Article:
These photos appeared in the Buffalo Courier Sunday Magazine, New Year’s Day 1911. The quality of the images isn’t good enough to see what is in those window displays, but they still represent a great look at the retail scene on Main Street downtown more than 100 years ago.
Where possible, the 1910 images are presented with Google images of the current look of the same space.
The Otto Ulbrich Co. was Buffalo’s bookstore, on Main Street downtown for 117 years before bankruptcy struck in 1989. At the peak of business, there were 13 Ulbrich’s locations.
There were ten stores in 1978 when this ad appeared in Buffalo Spree magazine.
I have a obsession/addiction/fetish with pens of every kind– and it all started with wide-eyed wonder wandering that amazing aisle at Ulbrich’s before I even knew how to write. As a five or six year old, I specifically remember wanting to spend some of my birthday money on fancy pens at Ulbrich’s.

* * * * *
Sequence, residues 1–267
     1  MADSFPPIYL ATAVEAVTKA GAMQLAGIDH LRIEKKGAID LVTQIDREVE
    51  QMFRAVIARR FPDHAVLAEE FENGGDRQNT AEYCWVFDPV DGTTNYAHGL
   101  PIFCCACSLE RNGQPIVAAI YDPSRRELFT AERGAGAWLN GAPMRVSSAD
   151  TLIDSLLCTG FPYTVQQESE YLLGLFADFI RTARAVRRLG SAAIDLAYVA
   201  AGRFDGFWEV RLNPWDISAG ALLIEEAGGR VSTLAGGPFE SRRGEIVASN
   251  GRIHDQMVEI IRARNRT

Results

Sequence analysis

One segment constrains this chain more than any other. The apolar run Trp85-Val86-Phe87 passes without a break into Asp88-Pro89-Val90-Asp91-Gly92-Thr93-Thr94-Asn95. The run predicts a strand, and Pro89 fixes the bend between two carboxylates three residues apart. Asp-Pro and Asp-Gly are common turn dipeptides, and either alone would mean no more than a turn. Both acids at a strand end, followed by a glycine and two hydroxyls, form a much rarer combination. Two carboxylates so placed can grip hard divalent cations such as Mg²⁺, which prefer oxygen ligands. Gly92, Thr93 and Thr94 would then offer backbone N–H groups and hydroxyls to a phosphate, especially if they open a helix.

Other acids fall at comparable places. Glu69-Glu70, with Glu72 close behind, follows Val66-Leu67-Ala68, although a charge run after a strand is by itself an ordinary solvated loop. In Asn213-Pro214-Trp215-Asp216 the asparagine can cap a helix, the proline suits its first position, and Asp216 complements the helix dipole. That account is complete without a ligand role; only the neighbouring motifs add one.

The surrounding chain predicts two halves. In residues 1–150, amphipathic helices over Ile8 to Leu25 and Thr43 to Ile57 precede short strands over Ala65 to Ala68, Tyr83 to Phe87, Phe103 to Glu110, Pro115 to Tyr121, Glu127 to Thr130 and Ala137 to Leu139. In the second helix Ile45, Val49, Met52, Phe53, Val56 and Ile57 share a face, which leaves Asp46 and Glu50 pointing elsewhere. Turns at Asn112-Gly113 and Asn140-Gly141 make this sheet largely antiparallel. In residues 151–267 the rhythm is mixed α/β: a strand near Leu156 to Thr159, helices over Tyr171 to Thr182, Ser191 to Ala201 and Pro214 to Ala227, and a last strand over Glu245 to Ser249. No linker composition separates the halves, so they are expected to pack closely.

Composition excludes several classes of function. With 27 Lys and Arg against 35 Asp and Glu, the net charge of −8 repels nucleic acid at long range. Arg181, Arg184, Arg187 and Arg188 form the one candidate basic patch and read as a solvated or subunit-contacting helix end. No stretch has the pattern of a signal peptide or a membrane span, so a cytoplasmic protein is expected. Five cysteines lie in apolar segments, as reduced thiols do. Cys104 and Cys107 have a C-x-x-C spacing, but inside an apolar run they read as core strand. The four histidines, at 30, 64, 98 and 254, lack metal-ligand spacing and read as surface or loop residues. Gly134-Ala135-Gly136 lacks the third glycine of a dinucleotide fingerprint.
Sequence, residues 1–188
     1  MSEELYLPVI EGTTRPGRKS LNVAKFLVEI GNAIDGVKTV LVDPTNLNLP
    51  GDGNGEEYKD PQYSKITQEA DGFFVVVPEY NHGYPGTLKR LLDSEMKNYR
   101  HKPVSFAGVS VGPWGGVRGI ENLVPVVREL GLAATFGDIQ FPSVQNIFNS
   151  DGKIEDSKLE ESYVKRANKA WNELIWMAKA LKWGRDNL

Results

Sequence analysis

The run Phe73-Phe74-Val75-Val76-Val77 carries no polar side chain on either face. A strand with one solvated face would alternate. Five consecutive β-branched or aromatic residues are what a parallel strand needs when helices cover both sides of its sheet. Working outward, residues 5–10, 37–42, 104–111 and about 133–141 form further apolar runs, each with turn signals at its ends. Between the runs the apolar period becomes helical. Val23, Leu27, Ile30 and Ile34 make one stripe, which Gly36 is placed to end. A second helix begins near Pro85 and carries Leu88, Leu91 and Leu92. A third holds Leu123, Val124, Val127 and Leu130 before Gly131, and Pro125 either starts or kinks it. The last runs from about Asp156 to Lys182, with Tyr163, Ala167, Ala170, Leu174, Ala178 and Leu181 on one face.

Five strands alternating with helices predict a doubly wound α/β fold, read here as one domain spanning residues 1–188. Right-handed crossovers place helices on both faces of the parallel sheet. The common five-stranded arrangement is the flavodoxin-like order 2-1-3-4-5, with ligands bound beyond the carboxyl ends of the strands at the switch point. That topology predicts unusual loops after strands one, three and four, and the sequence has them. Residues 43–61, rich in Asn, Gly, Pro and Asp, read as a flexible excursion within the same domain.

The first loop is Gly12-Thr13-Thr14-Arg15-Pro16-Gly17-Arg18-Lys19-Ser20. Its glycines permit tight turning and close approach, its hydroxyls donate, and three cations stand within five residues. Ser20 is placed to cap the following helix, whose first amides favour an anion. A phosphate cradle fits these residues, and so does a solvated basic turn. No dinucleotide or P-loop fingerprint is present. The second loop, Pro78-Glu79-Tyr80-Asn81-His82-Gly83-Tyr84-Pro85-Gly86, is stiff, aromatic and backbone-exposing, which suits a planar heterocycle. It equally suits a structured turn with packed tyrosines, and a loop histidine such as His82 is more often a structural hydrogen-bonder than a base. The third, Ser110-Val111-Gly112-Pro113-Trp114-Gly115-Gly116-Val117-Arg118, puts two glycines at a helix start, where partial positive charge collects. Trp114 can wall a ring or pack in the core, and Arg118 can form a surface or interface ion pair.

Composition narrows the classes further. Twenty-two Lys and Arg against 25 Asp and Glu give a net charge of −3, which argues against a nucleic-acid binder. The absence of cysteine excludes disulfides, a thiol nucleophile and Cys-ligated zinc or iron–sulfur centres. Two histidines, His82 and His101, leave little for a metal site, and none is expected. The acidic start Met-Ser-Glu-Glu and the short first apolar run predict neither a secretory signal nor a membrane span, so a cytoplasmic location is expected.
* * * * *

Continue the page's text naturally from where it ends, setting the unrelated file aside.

The week before the return to school in 1960, The Buffalo Evening News’ special back-to-school section featured articles on the latest in education inside and outside of the classroom, and, of course, plenty of back-to-school ads.
Clothes shopping was a much more gender-specific endeavor in 1960 — while many larger department stores and discount stores obviously offered accouterments for both sexes, there were also plenty of specialty shops that catered to only boys or girls.
Boys buying school clothes 55 years ago were far more likely to be looking for sports coats and ties than jeans and T-shirts, as reflected in these ads.
Burns Bros, Campus Corner, Cresbury’s, H. Seeberg’s and Kleinhans all offered clothes for men and boys.
AM&A’s, Kresge, CG Murphy’s and Penney’s all offered clothes for both sexes.